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Review: Ga-Rei -Zero- (Sub)

Ga-Rei -Zero-

Medium: TV Anime

Number of Episodes: 12

Genres: Action, Science Fiction, Supernatural

Director: Ei Aoki

Studio: AIC Spirits

Licensed? No

“Will you kill someone you love because of love?” No: it’s more fun to torture them.

When you have thirteen episodes to develop a show, good writers stick to one story. Great writers multi-task. With Ga-Rei -Zero-, Yomi and Kagura’s friendly sisterly rivalry turns bittersweet upon the intervention of Oedipus’ good buddy, Fate. The story’s road takes a clever fork as one sister’s coming-of-age is achieved at the cost of the other’s fall from grace.

When the story begins in medias res, you feel like you’ve missed something big. Characters appear and emote without context, and I found myself re-watching episodes in chronological order to feel the full impact of each major battle. A clever bookend, though it leads you in the totally wrong direction, considering the entire cast of episode one is dead by episode two. What begins as Ghost in the Shell-esque dialogue with demons becomes schoolgirls with demons…without tentacles.

Basic premise: our world today is being attacked by invisible spooks, monsters, the whole nine yards. Only a handful of families possess enough spiritual energy to see and slaughter said monsters. One such team is the covert Special Tactical Squad Section One. Their newest member will soon be Kagura Tsuchimiya, though there is little a traumatized ten-year-old can do for herself, let alone the world. It is up her to uncle and adoptive cousin, Yomi, to save her from despair. They both use swords to combat the undead (and dead-ish) as well as inherited beasts of their own. Yomi has Ranguen (manticore on steroids), while Kagura’s father bears the family legacy of burdening his soul with the white, fluffy chain dragon of unspeakable horror, Byakurei.

The animation is magnificent, with smooth movement, flashy fights and great weather effects. Whether in a forest, underground sewer, or on the streets of Tokyo, I believe this world, which is why the 3-D graphics of some of the monsters are so disappointing. Many of the monsters are stock (or unionized, it’s hard to tell with animated monsters) and the fights are disappointingly one-sided, although seeing Yomi fight with a holy water-spraying iron at one point was pretty grand.

It is not all skirts and flirts, though. There are several comedic moments in the series (including a Comedy of Errors episode) that are uniquely humorous. Master Michael – I choose to say no more than “yes.” The humor is very well-spaced and does well to soften the net emotional impact. As Yomi descends into darkness and eventually becomes an adversary, she becomes a walking massacre in a skirt that really ends up tugging your heart. Her fights with Kagura (especially episode eleven) redefine swordplay…and arm-drills.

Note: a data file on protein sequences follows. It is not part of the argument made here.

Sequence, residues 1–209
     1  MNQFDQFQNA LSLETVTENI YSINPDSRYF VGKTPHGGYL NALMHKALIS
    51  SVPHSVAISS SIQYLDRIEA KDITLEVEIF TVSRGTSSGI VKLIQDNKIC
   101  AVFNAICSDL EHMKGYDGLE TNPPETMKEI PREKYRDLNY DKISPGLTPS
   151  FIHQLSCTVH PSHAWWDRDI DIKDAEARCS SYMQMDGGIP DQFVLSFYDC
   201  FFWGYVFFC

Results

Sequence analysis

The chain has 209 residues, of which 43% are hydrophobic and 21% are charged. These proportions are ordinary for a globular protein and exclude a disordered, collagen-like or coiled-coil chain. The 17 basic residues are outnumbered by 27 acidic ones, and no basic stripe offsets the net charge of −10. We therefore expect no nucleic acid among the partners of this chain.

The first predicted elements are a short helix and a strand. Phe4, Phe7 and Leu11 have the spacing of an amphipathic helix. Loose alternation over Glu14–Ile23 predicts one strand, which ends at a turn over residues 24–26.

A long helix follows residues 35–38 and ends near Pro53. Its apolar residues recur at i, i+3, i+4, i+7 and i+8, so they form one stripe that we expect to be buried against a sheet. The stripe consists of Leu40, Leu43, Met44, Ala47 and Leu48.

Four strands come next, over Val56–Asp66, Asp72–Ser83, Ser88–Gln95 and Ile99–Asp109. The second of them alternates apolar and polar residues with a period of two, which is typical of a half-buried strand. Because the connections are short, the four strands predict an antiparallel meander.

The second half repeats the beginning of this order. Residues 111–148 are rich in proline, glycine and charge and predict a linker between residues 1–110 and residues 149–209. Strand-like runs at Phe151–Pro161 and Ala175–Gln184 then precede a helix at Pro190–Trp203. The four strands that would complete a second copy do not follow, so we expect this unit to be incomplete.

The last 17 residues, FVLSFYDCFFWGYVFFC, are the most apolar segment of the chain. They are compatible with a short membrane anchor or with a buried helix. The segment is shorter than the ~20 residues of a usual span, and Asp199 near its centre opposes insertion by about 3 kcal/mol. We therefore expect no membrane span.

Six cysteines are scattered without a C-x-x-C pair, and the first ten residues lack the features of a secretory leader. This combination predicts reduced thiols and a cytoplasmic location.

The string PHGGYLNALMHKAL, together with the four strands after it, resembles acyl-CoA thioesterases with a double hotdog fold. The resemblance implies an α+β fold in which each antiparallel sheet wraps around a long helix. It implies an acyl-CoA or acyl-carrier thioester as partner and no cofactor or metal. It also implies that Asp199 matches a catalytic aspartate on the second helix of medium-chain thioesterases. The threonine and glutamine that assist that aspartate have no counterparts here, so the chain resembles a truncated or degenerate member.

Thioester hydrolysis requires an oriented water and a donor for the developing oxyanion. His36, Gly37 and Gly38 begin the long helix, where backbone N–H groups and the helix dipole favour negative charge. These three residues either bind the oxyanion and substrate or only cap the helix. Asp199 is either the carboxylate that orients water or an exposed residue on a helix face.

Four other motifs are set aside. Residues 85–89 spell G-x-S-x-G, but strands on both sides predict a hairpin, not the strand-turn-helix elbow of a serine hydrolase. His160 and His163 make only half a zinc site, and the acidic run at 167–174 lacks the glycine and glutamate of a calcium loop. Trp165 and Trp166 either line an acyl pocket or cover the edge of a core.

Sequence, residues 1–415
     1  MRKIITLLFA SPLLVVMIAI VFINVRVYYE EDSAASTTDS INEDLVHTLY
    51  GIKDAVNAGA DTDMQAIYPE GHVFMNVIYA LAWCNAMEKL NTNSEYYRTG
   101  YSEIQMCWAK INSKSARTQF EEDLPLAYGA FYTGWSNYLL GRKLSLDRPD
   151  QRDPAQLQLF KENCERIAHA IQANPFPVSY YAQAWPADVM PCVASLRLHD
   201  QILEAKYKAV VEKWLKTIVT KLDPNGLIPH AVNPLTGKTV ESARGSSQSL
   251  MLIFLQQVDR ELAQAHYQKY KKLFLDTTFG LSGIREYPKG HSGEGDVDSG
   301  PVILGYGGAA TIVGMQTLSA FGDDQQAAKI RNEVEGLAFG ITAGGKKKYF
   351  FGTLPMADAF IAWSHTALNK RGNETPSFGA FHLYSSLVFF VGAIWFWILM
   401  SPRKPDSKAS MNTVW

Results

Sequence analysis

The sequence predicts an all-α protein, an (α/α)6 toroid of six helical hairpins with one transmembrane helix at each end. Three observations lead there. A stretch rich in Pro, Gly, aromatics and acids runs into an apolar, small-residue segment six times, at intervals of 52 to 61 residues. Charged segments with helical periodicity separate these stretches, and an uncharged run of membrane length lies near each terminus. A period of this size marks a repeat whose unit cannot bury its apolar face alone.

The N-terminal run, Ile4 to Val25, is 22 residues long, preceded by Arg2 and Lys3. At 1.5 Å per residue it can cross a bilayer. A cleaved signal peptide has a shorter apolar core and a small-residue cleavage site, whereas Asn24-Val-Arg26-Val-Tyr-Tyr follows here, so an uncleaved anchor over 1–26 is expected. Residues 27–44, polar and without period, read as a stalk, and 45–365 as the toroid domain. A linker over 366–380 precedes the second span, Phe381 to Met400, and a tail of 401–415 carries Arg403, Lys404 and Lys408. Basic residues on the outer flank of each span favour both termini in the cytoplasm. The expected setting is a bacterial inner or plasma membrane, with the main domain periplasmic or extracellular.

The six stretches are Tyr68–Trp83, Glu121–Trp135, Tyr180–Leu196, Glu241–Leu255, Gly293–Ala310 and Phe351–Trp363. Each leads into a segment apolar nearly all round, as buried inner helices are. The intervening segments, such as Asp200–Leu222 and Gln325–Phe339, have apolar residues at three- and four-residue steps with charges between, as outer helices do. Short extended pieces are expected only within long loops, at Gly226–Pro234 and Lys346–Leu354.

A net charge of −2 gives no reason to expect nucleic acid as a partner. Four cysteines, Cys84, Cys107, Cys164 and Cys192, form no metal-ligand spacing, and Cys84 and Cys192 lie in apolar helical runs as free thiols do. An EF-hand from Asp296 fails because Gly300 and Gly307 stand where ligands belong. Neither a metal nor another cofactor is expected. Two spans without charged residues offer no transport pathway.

While Ga-Rei -Zero- has intriguing domestic insurrection, the majority of the series revolves around Kagura and Yomi’s reactions to both of the series’ major events, which if you know anything about anime, usually mean the passing of the torch, passing of legacy. The series is masculine in its gritty nature, but very feminine in its habit of focusing too long on Kagura crying, or lamenting, or grieving. If I had to give this anime a song, it would have to be “All The Things She Said.”

The main problem with this season is its waiting-for-a-sequel ending, which to me dismisses Yomi’s purpose as a character beyond the threshold guardian for Kagura. Do I want more? Not without Yomi. As the first two episodes indicate, Yomi becomes the bad guy. Her descent is slightly more believable than Anakin Skywalker’s, but far too easy. The nameless main villain corrupts her far too easily. Yomi was a great ally and a supportive, loving sister, which made her such a sinister villain, but to have her switch gears so easily feels like a quicker 180 than Will Smith in I Am Legend. Go ahead and watch, but tell me if you disagree with the “puppet-master” treatment of Yomi.

A cool story of sisterly love and the hardship of legacy. It is hinted with political manipulation and topped with fun monster-slaying; Ga-Rei -Zero- was a nice surprise, though I can’t imagine it generating a large following.


  • Uncle Yo's profile

    Karl "Uncle Yo" Custer is a geek-comedian/playwright working out of NYC, podcast host of We are the Geek, and one of Ani-Gamers' founding reviewers. His travels to anime conventions help us celebrate this age: The Day the Geek Inherited the Earth.

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